A number of HTTP headers with their respective parameters are
   reserved.  See Section 5.6 and Section 5.7 for a list of header names
   and their parameters.

8.3.  Status Codes

   A new Status Code (to be used in BA messages) is reserved for the
   cases where the HA wants to indicate to the MN that it needs to re-
   establish the SA information with the HAC.  The Result Code is
   reserved from the 0-127 code space:

       REINIT_SA_WITH_HAC       TBD1

8.4.  Port Numbers

   A new port number (HALTSEC) for UDP packets is reserved from the PORT
   NUMBERS registry.

       HALTSEC                  TBD2


9.  Security Considerations

   This document describes and uses a number of building blocks that
   introduce security mechanisms and need to interwork in a secure
   manner.

   The following building blocks are considered from a security point of
   view:

   1.  Discovery of the HAC
   2.  Authentication and MN-HA SA establishment executed between the MN
       and the HAC (PSK or EAP-based) through a TLS tunnel
   3.  Protection of MN-HA communication
   4.  AAA Interworking





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9.1.  Discovery of the HAC

   No dynamic procedure for discovering the HAC by the MN is described
   in this document.  As such, no specific security considerations apply
   to the scope of this document.

9.2.  Authentication and Key Exchange executed between the MN and the
      HAC

   This document describes a simple authentication and MN-HA SA
   negotiation exchange over TLS.  The TLS procedures remain unchanged;
   however, channel binding is provided.

   Authentication:  Server-side certificate based authentication MUST be
      performed using TLS 1.2 [RFC5246].

      The client-side authentication may depend on the specific
      deployment and is therefore not mandated.  Note that TLS-PSK
      [RFC4279] cannot be used in conjunction with the methods described
      in section 5.8 and 5.9 of this document due to the limitations of
      the channel binding type used.

      Through the protected TLS tunnel, an additional authentication
      exchange is performed that provides client-side or mutual
      authentication and exchanges SA parameters and optional
      configuration data to be used in the subsequent protection of
      MN-HA communication.  The additional authentication exchange can
      either be PSK-based (section 5.8) or EAP-based (section 5.9).
      Both exchanges are always performed within the protected TLS
      tunnel and MUST NOT be used as standalone protocols.

      The simple PSK-based authentication exchange provides mutual
      authentication and follows the GPSK exchange used by EAP-GPSK
      [RFC5433] and has similar properties, although some features of
      GPSK like the exchange of a protected container are not supported.

      The EAP-based authentication exchange simply defines message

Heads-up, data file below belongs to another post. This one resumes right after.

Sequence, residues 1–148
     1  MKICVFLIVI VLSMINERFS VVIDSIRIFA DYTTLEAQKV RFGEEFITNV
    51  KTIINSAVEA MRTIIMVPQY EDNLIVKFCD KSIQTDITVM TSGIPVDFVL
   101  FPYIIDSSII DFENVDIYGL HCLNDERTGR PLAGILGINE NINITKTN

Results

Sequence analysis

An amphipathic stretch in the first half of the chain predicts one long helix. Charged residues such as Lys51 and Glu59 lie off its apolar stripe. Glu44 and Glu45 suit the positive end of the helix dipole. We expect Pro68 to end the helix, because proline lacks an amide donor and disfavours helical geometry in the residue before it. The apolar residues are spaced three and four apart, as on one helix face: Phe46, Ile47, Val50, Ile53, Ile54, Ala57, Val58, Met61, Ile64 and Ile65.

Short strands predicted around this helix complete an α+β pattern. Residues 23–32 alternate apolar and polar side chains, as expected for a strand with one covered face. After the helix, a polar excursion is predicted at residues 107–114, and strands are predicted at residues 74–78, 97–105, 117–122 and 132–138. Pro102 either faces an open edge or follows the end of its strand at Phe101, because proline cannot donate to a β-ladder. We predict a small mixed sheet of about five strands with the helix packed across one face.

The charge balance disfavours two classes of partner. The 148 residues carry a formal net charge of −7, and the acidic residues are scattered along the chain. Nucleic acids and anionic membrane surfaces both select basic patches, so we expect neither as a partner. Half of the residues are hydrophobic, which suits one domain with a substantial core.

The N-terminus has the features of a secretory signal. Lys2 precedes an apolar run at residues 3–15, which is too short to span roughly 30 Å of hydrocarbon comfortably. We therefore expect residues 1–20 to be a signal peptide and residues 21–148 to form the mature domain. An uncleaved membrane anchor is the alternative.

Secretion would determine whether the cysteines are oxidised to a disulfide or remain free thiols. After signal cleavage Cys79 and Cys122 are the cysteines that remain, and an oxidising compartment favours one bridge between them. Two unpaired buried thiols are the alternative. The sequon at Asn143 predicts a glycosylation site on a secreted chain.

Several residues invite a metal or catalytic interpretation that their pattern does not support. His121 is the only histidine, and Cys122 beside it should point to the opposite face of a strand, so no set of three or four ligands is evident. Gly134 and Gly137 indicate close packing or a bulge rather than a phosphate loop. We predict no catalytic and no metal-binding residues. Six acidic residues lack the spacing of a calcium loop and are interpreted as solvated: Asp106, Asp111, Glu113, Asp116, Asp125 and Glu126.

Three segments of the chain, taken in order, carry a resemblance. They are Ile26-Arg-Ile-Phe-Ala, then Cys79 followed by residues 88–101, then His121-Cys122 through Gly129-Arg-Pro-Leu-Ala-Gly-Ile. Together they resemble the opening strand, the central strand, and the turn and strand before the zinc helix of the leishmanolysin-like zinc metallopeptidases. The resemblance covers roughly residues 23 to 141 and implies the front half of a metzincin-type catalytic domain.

containers to allow carrying the EAP packets between the MN and
      the HAC.  In principle, any EAP method can be used.  However, it
      is strongly recommended to use only EAP methods that provide
      mutual authentication and that derive keys including an MSK key in
      compliance with [RFC3748].

      Both exchanges use channel binding with the TLS tunnel.  The
      channel binding type 'TLS-server-endpoint' as per
      [I-D.altman-tls-channel-bindings] MUST be used.





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   Dictionary Attacks:  All messages of the authentication exchanges
      specified in this document are protected by TLS.  However, any
      implementation SHOULD assume that the properties of the
      authentication exchange are the same as for GPSK [RFC5433] in case
      the PSK-based method as per section 5.8. is used, and are the same
      as those of the underlying EAP method in case the EAP-based
      exchange as per section 5.9 is used.

   Replay Protection:  The underlying TLS protection provides protection
      against replays.

   Key Derivation and Key Strength:  For TLS, the TLS specific
      considerations apply unchanged.  For the authentication exchanges
      defined in this document, no key derivation step is performed as
      the MN-HA keys are generated by the HAC and are distributed to the
      MN through the secure TLS connection.

   Key Control:  No joint key control for MN-HA keys is provided by this
      version of the specification.

   Lifetime:  The TLS-protected authentication exchange between the MN
      and the HAC is only to bootstrap keys and other parameters for
      usage with MN-HA security.  The SAs that contain the keys have an
      associated lifetime.  The usage of Transport Layer Security (TLS)
      Session Resumption without Server-Side State, described in
      [RFC5077], provides the ability for the MN to minimize the latency
      of future exchanges towards the HA without having to keep state at
      the HA itself.

   Denial of Service Resistance:  The level of resistance against denial
      of service attacks SHOULD be considered the same as for common TLS
      operation, as TLS is used unchanged.  For the PSK-based
      authentication exchange, no additional factors are known.  For the
      EAP-based authentication exchange, any considerations regarding
      denial-of-service resistance specific to the chosen EAP method are
      expected to be applicable and need to be be taken into account.

   Session Independence:  Each individual TLS protocol run is
      independent from any previous exchange based on the security